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Why All Meat Eaters Should, at Least Once, Kill and Butcher an Animal

How one farmer had to break a no-kill promise to his flock.

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Not only did the meat-birds grow fast physically, but other aspects of their development were expedited as well. At two weeks they were sheltering the older but smaller layer chicks under their wings like mama hens. At three weeks old, Marco Pollo was already giving them his chicken love, and they would shake exuberantly when he finished. It's good that there were 12 of them among which to spread his passion.  
Fear has been bred out of the Cornish Cross breed. Typically, even the chickens that know you won't let you get too close. But the Cornish Crosses ran toward you, probably hoping for a snack.  

Despite their gluttonous habits the meat birds were sweethearts, and killing them was going to be a lot harder than killing Rusty was. But there wasn't any choice. Cornish Cross birds aren't genetically programmed to handle old age. Their fragile bones break, their joints dislocate, and their hearts stop as they get bigger. At least their lack of fear makes it easier, when the time comes, to catch them. And at least they all look alike - bright white with big feet. Needless to say, they were not given names.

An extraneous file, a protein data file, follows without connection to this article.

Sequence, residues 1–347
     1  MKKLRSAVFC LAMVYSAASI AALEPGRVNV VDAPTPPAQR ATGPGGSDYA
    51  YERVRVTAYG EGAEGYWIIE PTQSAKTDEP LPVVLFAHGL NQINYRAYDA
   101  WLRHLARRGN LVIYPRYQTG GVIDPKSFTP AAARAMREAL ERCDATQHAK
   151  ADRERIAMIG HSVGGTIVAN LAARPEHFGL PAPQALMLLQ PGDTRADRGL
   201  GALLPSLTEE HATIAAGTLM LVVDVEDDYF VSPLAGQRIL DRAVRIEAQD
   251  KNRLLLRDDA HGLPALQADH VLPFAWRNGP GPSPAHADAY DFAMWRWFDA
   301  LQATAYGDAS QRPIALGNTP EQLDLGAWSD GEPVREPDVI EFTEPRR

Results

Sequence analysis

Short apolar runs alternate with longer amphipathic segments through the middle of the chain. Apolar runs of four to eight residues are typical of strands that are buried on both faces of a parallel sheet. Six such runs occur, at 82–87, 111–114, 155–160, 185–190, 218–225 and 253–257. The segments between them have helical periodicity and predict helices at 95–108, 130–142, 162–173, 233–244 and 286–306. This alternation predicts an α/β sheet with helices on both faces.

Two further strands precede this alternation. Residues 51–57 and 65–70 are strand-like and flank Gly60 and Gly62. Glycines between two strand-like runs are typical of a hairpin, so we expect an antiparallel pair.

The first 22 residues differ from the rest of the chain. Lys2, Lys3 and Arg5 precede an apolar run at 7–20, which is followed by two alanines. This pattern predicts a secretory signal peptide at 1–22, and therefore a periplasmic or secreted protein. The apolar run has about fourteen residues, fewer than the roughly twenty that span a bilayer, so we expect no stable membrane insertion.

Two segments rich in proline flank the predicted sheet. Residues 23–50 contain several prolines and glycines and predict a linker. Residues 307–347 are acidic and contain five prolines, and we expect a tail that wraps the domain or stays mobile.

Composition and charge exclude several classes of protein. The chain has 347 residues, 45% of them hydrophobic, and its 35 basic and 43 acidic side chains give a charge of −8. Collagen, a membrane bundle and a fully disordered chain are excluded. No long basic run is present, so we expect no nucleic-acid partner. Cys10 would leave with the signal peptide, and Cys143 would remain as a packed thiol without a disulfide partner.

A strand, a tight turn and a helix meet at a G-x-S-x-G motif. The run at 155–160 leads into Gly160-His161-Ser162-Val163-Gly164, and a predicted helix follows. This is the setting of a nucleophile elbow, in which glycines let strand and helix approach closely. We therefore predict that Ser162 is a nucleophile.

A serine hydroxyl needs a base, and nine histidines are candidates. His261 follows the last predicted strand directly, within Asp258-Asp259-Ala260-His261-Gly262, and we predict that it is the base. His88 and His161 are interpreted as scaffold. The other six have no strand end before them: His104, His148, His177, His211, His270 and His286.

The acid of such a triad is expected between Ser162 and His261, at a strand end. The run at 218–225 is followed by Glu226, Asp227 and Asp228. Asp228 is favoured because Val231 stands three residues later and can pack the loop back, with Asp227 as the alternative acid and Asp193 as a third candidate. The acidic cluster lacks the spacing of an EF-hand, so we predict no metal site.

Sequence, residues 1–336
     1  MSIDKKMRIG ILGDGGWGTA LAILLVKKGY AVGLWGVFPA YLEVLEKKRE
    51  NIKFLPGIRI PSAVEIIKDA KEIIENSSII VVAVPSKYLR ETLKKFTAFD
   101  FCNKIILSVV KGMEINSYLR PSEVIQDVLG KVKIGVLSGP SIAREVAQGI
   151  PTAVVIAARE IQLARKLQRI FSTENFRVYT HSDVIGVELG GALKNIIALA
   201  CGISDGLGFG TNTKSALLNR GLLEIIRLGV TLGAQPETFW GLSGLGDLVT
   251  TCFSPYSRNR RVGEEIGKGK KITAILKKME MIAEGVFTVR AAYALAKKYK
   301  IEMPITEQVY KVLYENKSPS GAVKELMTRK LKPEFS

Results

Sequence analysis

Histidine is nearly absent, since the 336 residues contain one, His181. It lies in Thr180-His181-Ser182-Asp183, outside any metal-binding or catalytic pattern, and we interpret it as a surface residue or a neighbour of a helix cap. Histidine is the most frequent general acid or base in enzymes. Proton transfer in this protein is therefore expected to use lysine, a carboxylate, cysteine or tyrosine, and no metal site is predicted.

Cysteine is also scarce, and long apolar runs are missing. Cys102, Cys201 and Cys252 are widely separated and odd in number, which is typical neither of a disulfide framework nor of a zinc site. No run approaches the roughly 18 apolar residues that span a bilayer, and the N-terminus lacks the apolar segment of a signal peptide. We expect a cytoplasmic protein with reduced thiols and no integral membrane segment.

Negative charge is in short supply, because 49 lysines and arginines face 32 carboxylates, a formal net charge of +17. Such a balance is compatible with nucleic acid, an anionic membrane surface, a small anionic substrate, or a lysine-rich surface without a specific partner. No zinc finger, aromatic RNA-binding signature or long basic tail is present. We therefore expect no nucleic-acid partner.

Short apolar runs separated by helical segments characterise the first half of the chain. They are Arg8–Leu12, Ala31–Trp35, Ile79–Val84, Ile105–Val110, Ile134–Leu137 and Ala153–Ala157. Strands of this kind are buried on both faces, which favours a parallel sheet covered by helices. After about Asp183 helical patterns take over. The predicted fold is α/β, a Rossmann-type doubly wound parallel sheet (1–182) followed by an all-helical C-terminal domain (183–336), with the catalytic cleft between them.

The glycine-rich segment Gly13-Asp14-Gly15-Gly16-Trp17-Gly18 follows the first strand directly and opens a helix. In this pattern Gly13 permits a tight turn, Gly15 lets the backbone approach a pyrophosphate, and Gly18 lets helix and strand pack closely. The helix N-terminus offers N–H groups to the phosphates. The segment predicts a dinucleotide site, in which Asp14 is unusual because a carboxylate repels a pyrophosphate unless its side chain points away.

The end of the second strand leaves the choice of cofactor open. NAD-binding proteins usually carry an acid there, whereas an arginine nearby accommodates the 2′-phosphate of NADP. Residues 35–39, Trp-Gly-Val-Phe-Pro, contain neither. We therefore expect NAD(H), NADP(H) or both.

Since my farm days, I've referred to Gary Snyder's poem "The Hudsonian Curlew" (from his collection Turtle Island), for butchering guidance:  

"...a transverse cut just below the sternum/the forefinger and middle finger/forced in and up, following the/curve of the rib cage./then fingers arched, drawn slowly down and back,/forcing all the insides up and out,/toward the palm and heel of the hand./firm organs, well-placed, hot. save the liver; finally scouring back, toward the vent, the last of the large intestine...."  

If you already know a little about what you're doing, these stanzas could be helpful. But despite my affection for the poem, there are irreconcilable differences between wild Hudsonian Curlews and Cornish Cross chickens. These days I use Herrick Kimball's less elegant but more detailed advice at www.butcherachicken.blogspot.com. The site contains ten illustrated chapters on slaughtering and cleaning chickens, including one on removing the uropygial oil gland at the base of the tail.  

The image Kimball provides of his young son singing Bible camp songs while slitting chicken throats is a bit creepy. But in fairness, it's rare to get through the process of "dressing out" a chicken without getting creeped out one way or another. And I think that's OK. This business of eating dead animals is a messy affair. It should make you uncomfortable, because it's a big deal. Which is why I believe all meat eaters should participate, at least once, in the real work of bringing it to the table.  

Ari LeVaux writes a syndicated weekly food column, Flash in the Pan.

 
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